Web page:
On this day I could feel my neighbour struggling at times, crying and in obvious distress. I knew this would be one of the hardest things for me to deal with, as I could not reach out to comfort, but had to concentrate on my own shite! As we all exited the hall for our 5 mins break my neighbour rushed right up to the manager, who was right in front of me, saying loudly “you need to stop him, your need to say something and stop him!” The manager looked perplexed and asked in a very quiet, soft and compassionate voice, “What is the matter?” “Him; the man in there breathing so loudly…he needs to be stopped! I can’t concentrate because of him, you need to stop him!!”
At this point I turned my back and walked away from them both, I was trying not to laugh out loud. I wasn’t laughing at my neighbour so much as laughing at my mirror. How many times had I reacted just like this? Lashing out at whoever I could, because I couldn’t face myself. Having to blame anyone or everyone for me being unable or unwilling to face me and take full responsibility. With a very big smile on my face, I laughed at this situation and my reflection. This was all ego. The mind reacting in ignorance and I was blessed to have this pushed right in my face at that very moment. This was a lesson for me! As always the people who we bring into our lives are our lessons and if we take the time to look in the mirror we see our reflection. That is awareness!
The Awareness of Sensations and Impermanence
Each time we sat in meditations we were now observing our own body’s sensations. Some were itches, others painful, some zaps, a few tingles and many others I couldn’t put a name to, as I’d never felt them before. I was astounded at the amount of different sensations going through my body when I sat still and silent for an hour at a time.
The most amazing experience is seeing that your mind is in constant reaction. You feel pain, you want to get rid of that pain – aversion, trying to avoid. If you have a tingle you want more of that lovely sensation – craving and clinging, trying to hang onto it. This is such an ignorant reaction because intellectually we know that everything changes and is impermanent – Anicca. At every moment subatomic particles, which the body is composed of, arise and pass away as S.N. Goenka says. Yet we try and hold onto impermanence!!
If we just learn to be in the moment, knowing it shall pass and not cling, or try to avoid, by just observing, we free ourselves of ignorance and suffering.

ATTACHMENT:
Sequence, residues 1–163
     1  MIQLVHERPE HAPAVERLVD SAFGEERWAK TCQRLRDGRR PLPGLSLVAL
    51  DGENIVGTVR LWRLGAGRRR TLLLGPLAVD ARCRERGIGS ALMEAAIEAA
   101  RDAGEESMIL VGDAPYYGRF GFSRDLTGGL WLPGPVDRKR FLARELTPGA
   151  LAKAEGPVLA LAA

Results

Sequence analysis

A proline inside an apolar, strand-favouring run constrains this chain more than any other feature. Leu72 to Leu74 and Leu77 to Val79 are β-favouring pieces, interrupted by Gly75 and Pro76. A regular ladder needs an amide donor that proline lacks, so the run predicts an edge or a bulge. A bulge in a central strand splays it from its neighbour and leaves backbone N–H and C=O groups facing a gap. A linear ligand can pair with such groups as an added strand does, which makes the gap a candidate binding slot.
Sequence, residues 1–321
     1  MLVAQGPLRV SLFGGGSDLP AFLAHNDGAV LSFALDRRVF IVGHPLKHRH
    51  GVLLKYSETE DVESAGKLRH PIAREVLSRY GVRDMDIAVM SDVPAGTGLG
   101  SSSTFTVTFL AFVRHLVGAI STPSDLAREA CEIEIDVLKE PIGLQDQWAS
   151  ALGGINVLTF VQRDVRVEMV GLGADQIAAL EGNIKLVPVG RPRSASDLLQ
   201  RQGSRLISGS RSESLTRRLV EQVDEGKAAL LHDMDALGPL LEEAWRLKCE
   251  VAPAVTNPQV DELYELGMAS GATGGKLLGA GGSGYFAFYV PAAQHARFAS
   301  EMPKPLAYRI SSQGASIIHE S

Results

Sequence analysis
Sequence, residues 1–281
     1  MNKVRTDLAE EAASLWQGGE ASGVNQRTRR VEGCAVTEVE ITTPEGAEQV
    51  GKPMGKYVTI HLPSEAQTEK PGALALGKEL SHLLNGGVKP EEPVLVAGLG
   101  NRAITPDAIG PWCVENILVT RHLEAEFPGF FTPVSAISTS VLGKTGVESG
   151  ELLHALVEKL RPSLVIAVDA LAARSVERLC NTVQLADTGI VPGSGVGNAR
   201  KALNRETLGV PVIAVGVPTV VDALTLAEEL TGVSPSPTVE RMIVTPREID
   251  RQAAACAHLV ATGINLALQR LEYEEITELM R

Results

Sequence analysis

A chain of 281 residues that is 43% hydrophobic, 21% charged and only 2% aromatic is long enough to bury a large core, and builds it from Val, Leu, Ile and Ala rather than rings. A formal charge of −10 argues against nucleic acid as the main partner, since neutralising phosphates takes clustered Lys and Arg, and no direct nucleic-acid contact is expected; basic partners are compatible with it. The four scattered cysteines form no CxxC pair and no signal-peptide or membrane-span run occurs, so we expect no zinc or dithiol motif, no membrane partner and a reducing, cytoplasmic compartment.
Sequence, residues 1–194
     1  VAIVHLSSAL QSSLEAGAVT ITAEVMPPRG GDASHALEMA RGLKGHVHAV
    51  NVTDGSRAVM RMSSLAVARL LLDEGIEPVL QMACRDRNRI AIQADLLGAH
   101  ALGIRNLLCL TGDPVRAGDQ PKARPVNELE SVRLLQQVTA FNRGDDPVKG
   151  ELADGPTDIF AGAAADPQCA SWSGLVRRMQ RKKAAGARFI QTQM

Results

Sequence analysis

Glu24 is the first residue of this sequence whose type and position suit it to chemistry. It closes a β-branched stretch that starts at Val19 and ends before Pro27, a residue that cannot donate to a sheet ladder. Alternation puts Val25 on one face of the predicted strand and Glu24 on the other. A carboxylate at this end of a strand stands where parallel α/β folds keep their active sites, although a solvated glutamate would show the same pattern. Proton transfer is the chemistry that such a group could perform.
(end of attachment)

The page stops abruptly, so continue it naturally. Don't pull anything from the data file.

At the end of each day we had discourse. This is the explanation/the teaching of the meditation in parables, funny stories, to help us understand, as taught to us by S.N. Goenka, born in Myanmar (Burma) in the tradition of Sayagyi U Ba Khin. He was responsible for initiating the building of centres around the world, to help spreading this Vipassana technique in its purist form.
This is where we learned the science of Vipassana; the non sectarian, liberation of all suffering through equanimity (balance) of the mind, transforming our misery into happiness, purifying the mind and finding liberation from ignorance to enlightenment, also finding peace and harmony within. All this through our own body’s unique experiential journey. The teaching is of Dhamma – the art of living, the law of nature, the law of liberation, not anything religious just a method to “know thy self” and give of self to others – service.
For me Dhamma is that law of nature that we all rise to when we find tragedy and adversity in life. We hear and see people reaching out and helping others in amazing ways when tragedy strikes. It is our nature, our way of being as human beings, the natural way, to be of service to others without thought! It’s just that we forget all about that when we allowed the mind to take over those sensations and override them with aversion or cravings. So to live a life of Dhamma we follow a moral code of nature/the cosmos!
I loved these sessions at the end of the day, as my enquiring, thirsting for knowledge mind, was always ready for the explanation of what I had experienced that day. He was a great teacher. Unfortunately Mr Geonka (1924-2013) is now departed from this earthly plain but forever mortal in the teachings…thanks to recordings and video!
I was really starting to fully understand not just intellectually but through my own experience, just how ignorant I have been and for so long. I didn’t want to be ignorant any longer, which motivated me to practice and learn and grow. The idea of Vipassana being a new way of life was becoming even stronger.
Vipassana (insight – seeing things as they really are) is a different experience for every individual, as we are all so unique and interpret the world around us and within us so differently. We have also had our own experiences in life that are unique to us. So this article is all about Mags Bell’s experience and self discovery through Vipassana.